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Month: July 2014

The Power of Grief, The Power of Hallucination, The Power of YA Literature: Reading Rebekah Crane’s Aspen


Rebekah Crane_AspenLet me point one fact out from the beginning: I admire young adult literature, and I believe it can be extremely powerful when the central characters are confident, self-possessed individuals, dealing with both personal and more widely-recognized issues. Rebekah Crane’s Aspen does not fall short of this; rather, as I will delve into in more depth later, the complications presented to the characters and to the situations that might otherwise be deemed ordinary or predictable set the stage for an example of YA literature which far exceeds that of the average teen story.

On the surface, this is a story of the grieving and coping process as it appears in one high school after the loss of a beautiful, popular soccer girl, who inevitably has a secret. Set against the backdrop of Boulder, Colorado, and with a fixation on a more “hippie” lifestyle (mostly realized through Aspen’s mother, Ninny), though, what could be dismissed as simple grieving is complicated with its juxtaposition against the hippie lifestyle. Though this lifestyle is only truly realized through one character in the book—and a supporting character at that—the characteristics of what we expect from the stereotypical hippie lifestyle echo throughout the novel: the expectation of freedom and free thinking, drug use and freedom of expression. Perhaps it would seem, from the outside, as if the grieving process would be even easier to move through with this sort of open-minded system as a background. However, because of the secrets tied up in Aspen’s survival and the loss of Katelyn, the hippie lifestyle becomes a dramatic irony in Aspen’s, and her friends’, grieving process. Freedom is overshadowed with grief; drugs (though seen by some as a positive outlet and coping source) are given a dark demeanor with little positive outcome; and freedom of expression (both verbal and sexual) is complicated, given obstacle and can hardly be portrayed as free, whether in the sense of ability to express, or in the practicality of consequence. This severing of what it means to be free, via so many avenues, is highly complicated and rich for a YA novel and provides many opportunities for young adult readers to think and ask questions, and for adult readers to similarly analyze and discuss.

As if these complications to the background were not enough, Crane also successfully developed a story that is female-centric and contains strong supporting female characters. Aspen is quirky and self-taught, intelligent and self-possessed, and deals with some form of PTSD throughout the story, juxtaposing lines of psychology with her talent for art and fascination with memorizing definitions. Her mother, Ninny, is endearing but largely helpless throughout most of the story, further enhancing Aspen’s usefulness; however, at the end of the story, she is given a moment of redemption and makes attempts at improvement, both as a mother and as an independent individual. Aspen’s two friends, Kim and Suzy, fulfill two sides of a conformist coin: the non-conformist Kim and the popular girl Suzy, though they both contain their deviations from these standard, flat profiles. While Kim is largely against conformity herself, she still struggles with conforming to her mother’s wishes and poses indirect questions about her relationship with her ethnicity. Suzy, too, complicates what we view as the standard, hateable popular girl, functioning as an extremely kind, caring and genuine individual who is anything but shallow. Perhaps the most problematic female character is Katelyn, since her story is largely revealed via others’ voices, and her presence throughout the novel is largely a projection of Aspen’s fears, rather than Katelyn’s reality; both of these aspects offer up questions about her personal agency, though such a portrayal does also fit within the context of the grieving process and contains echoes of a teen ghost story. With such interesting characters throughout, all at once with their roots in an easily-definable character mold, their exceptions and complications pair easily and well with the complications of the backdrop of the story, reminding us constantly that appearances and expectations are hardly ever what they seem.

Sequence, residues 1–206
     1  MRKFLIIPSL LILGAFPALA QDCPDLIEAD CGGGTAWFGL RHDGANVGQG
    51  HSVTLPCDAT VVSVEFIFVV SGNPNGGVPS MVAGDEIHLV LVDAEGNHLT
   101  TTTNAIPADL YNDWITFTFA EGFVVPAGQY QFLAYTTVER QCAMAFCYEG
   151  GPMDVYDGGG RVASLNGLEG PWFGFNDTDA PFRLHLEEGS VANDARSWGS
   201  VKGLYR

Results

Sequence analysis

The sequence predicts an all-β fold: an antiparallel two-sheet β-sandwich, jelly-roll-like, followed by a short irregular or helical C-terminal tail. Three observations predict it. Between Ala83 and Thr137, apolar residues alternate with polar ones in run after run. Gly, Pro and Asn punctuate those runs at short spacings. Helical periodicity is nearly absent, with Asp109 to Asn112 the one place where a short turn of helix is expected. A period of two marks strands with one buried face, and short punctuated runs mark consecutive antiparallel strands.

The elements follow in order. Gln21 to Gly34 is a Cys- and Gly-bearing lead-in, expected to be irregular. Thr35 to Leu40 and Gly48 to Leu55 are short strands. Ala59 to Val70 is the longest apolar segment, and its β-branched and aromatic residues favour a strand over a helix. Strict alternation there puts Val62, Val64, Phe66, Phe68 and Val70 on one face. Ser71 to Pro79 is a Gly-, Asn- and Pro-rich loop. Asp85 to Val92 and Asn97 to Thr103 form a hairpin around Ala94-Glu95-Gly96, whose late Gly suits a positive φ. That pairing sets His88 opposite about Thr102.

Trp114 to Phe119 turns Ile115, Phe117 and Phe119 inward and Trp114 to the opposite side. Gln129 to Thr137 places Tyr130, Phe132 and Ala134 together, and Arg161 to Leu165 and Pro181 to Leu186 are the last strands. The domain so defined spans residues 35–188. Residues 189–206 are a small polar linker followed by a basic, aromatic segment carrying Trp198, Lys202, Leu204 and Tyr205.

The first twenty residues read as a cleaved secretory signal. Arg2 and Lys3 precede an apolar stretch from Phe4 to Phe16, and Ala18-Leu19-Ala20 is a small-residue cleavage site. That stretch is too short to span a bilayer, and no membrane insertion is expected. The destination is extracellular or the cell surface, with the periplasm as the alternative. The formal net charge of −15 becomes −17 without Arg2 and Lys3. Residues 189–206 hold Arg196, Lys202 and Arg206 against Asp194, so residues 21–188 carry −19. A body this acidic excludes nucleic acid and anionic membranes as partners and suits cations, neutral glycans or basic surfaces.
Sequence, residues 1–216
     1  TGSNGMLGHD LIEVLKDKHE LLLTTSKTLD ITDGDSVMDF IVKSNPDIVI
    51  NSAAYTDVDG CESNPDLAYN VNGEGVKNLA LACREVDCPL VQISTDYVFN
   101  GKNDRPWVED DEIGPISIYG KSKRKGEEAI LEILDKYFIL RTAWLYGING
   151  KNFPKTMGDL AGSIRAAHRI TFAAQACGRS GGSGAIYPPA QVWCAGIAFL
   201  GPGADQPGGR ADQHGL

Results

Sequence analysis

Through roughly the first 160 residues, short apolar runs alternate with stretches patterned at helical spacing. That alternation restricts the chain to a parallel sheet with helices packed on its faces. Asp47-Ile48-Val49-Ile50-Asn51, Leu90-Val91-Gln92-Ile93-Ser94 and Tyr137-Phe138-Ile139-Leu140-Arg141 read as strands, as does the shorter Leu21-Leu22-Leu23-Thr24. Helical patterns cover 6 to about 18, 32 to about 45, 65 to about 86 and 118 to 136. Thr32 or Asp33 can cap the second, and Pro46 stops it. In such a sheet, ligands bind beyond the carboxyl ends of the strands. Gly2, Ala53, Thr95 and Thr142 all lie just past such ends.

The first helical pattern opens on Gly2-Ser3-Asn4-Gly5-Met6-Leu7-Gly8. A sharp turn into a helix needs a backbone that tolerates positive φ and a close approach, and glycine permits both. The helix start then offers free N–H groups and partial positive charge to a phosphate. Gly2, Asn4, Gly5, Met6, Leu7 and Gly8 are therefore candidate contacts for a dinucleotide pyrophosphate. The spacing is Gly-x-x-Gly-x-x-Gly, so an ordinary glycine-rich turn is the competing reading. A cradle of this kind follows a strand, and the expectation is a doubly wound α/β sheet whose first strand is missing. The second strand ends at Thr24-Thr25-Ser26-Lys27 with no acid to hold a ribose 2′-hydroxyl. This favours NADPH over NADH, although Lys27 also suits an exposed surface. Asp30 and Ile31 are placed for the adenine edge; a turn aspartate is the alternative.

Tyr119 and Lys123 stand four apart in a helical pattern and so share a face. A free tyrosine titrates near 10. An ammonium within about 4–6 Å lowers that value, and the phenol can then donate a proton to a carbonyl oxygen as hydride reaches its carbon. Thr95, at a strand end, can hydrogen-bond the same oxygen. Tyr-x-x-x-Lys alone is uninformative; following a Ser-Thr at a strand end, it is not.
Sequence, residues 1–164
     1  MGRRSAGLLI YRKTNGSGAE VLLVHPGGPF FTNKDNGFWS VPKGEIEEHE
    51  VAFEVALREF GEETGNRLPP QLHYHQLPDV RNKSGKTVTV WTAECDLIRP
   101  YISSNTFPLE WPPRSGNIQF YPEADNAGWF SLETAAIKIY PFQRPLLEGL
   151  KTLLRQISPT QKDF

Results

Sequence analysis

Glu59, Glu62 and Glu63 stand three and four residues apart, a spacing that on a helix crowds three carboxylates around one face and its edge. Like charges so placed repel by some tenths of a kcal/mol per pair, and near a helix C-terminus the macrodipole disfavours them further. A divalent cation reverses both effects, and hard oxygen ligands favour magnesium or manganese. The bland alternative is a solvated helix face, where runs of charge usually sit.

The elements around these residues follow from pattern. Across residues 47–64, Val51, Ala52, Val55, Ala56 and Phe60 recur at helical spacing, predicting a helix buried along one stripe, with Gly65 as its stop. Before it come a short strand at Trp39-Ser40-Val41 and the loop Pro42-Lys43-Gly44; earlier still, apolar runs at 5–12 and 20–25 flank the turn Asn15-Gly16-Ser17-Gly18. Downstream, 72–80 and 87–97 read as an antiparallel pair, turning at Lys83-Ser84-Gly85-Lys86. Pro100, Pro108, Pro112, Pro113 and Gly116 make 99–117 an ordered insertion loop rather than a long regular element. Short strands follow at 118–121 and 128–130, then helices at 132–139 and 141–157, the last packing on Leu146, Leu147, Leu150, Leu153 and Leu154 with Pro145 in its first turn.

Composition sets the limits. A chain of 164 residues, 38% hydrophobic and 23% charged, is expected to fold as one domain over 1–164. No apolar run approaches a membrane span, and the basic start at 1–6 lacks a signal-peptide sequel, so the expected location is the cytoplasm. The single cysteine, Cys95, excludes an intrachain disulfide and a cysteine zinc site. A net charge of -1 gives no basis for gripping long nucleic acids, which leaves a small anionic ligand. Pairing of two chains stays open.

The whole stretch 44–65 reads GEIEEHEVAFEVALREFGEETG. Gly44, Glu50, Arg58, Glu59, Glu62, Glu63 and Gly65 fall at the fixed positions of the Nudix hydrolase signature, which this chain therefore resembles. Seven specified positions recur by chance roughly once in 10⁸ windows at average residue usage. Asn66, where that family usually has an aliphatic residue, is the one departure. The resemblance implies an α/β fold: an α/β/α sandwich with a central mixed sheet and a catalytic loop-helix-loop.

As a final example of this phenomenon, there is budding relationship between Aspen and Ben—Katelyn’s boyfriend. How could a teenage relationship become more complicated than that—a relationship between the guy with a dead girlfriend, and the girl who survived the accident? Though some readers may view their relationship as predictable, seeing as how it begins to develop at the beginning of the story and gradually escalates throughout the rest of the novel, I found it to be endearing. While it is predictable for a love interest to be included in a YA novel, I also found their relationship to be believable and likeable, since both characters needed someone in their life who was more immediately connected to the accident, who might more intimately understand and contribute to their personal grieving process. Relationships in YA literature often become problematic, due to their predictability and over-emphasis within the plot, but I found myself defending this particular relationship on the grounds of coping (which also contains a strange echo with Ninny’s coping mechanisms, as a healthier form of how Ninny chooses to lead her life). What’s interesting, too, is how the complications of this novel are threaded through this relationship, largely as an example of the lack of freedom and the consequences of attempting to enact freedom.